Veterans Day 2013 comes on the heels of an encouraging story: Jim Wolf recently sat down for what was probably the most transformative haircut of his life. In truth, it was more than a haircut, or a shave, or a new suit. As a homeless veteran of the U.S. Army, Wolf is currently overcoming an alcohol addiction. But through various lifelines, he has turned the first corner toward recovery and secured temporary housing, making his story one of inspiration for the near 63,000 veterans that go homeless each night.

The struggle in the U.S. for veterans to assimilate back into civilian life often begins overseas, where the constant terrors of war lead to post-traumatic stress disorder (PTSD) and substance abuse problems. These ailments can have alienating effects on friends and family members, whose support is critical for helping vets to reintegrate. Coupled with a shortage of affordable housing, health care, and job opportunities that pay a livable wage, the climb back to normalcy is often an exhausting one, both mentally and physically.

If the battle for vets is an uphill one, it is becoming less steep as time passes. According to a 2012 report from the U.S. Department of Housing and Urban Development (HUD), homelessness among veterans declined seven percent in the previous year.

“This report continues a trend that clearly indicates we are on the right track in the fight to end homelessness among veterans,” said Secretary of Veterans Affairs Eric K. Shinseki in a press release. “While this is encouraging news, we have more work to do and will not be satisfied until no veteran has to sleep on the street.”

Since 2009, veteran homelessness has fallen 17.2 percent. On a single night in January, an estimated 62,219 veterans spent the night homeless.

As part of the U.S. Department of Veterans Affairs (VA), the agency responsible for maintaining and supporting veterans’ transition back into civilian life, the HUD allocated nearly 38,000 “Housing Choice” vouchers nationwide, which allow veterans to pay a subsidized monthly rent to their landlord. In addition, the VA is responsible for offering vets a lifeline when it comes to stabilizing their mental health, by providing at-risk vets the chance to speak with a trained VA responder over the phone.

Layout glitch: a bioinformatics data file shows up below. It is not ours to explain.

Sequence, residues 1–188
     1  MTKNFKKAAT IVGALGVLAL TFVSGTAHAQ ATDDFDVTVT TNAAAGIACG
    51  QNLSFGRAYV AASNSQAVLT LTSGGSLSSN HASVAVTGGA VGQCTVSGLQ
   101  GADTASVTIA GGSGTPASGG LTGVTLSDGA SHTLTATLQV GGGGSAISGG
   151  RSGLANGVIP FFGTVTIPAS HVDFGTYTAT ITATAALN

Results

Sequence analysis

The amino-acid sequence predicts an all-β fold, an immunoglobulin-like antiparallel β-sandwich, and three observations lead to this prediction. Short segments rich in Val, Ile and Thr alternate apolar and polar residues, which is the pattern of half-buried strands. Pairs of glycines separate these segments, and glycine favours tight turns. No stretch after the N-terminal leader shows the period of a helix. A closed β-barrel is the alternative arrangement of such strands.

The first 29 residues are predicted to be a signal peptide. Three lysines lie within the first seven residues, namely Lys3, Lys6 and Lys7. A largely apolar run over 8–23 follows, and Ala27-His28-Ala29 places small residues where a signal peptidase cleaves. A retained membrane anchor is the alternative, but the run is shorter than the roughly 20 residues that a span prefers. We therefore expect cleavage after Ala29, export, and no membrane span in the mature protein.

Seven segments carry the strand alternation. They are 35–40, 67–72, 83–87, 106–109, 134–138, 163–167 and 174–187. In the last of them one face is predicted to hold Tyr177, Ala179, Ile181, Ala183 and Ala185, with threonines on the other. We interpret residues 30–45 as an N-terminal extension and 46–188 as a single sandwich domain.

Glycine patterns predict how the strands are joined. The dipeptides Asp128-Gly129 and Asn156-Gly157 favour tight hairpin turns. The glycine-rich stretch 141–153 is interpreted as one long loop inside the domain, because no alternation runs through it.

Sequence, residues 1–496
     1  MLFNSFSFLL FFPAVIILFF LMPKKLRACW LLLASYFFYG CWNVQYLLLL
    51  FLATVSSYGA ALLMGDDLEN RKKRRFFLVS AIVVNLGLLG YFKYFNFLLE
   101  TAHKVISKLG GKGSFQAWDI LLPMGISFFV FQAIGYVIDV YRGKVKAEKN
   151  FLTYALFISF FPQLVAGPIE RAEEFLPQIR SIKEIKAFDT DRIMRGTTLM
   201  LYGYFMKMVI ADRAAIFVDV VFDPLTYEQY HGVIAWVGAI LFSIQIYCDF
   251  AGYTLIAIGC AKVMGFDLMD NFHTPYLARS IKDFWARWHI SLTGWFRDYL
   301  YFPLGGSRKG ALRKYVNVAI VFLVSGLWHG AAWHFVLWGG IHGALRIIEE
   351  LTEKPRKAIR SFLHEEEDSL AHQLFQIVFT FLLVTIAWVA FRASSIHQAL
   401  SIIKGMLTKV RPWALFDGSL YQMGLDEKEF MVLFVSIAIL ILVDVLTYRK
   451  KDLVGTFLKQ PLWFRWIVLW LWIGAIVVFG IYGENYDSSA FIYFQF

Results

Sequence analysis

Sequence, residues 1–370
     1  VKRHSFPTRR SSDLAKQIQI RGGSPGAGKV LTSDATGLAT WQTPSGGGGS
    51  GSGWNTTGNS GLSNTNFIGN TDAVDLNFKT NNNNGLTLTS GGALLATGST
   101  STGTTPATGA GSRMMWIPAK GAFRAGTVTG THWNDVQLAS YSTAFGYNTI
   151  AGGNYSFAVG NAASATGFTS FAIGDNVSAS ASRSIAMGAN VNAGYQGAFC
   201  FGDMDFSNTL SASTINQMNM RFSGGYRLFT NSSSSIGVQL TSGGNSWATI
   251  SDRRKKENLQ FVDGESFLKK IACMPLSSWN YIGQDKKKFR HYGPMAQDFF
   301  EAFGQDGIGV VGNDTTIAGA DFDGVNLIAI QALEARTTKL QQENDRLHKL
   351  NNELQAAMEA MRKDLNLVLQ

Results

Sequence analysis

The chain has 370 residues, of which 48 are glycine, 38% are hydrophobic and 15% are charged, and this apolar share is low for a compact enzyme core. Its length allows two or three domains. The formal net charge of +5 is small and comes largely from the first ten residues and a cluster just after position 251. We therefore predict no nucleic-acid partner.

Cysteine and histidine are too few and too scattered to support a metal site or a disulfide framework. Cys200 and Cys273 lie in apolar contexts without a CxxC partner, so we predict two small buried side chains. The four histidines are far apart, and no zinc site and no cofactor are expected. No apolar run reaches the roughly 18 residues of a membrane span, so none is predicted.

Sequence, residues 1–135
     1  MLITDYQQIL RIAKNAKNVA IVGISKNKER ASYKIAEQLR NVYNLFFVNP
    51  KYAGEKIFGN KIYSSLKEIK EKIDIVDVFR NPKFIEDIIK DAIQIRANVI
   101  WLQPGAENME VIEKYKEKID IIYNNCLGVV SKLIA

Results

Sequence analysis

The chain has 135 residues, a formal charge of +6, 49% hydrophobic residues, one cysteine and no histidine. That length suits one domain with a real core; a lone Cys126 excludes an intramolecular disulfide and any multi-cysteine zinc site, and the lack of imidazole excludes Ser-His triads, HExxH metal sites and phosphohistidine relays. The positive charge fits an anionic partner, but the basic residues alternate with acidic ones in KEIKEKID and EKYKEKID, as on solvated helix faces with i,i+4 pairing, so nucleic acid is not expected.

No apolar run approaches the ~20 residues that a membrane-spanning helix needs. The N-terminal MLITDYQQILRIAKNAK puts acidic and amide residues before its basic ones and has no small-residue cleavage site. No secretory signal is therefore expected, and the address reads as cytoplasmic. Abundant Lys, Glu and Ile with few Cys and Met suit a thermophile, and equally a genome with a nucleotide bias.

“Veterans need a coordinated effort that provides secure housing, nutritional meals, basic physical health care, substance abuse care and aftercare, mental health counseling, personal development, and empowerment,” according to the National Coalition for Homeless Veterans (NCHV). “Additionally, veterans need job assessment, training, and placement assistance.”

As vets often fall victim to continued substance abuse through deficient social support, the NCHV advises community members to uplift local veterans in order to help them thrive in a positive environment — one that tells them the future is promising, not more of the same.

“Government money, while important, is limited, and available services are often at capacity. It is critical, therefore, that community groups reach out to help provide the support, resources, and opportunities that most Americans take for granted: housing, employment, and health care,” the NCHV says. “Veterans who participate in collaborative programs are afforded more services and have higher chances of becoming tax-paying, productive citizens again.”

As for Jim Wolf, the organization Dégagé Ministries has included the Army vet as one of its 500 individuals who will receive respite from the harsh conditions of homeless life. The organization hopes to raise $30,000 by Veterans Day 2014. It has already raised $20,597 of that goal.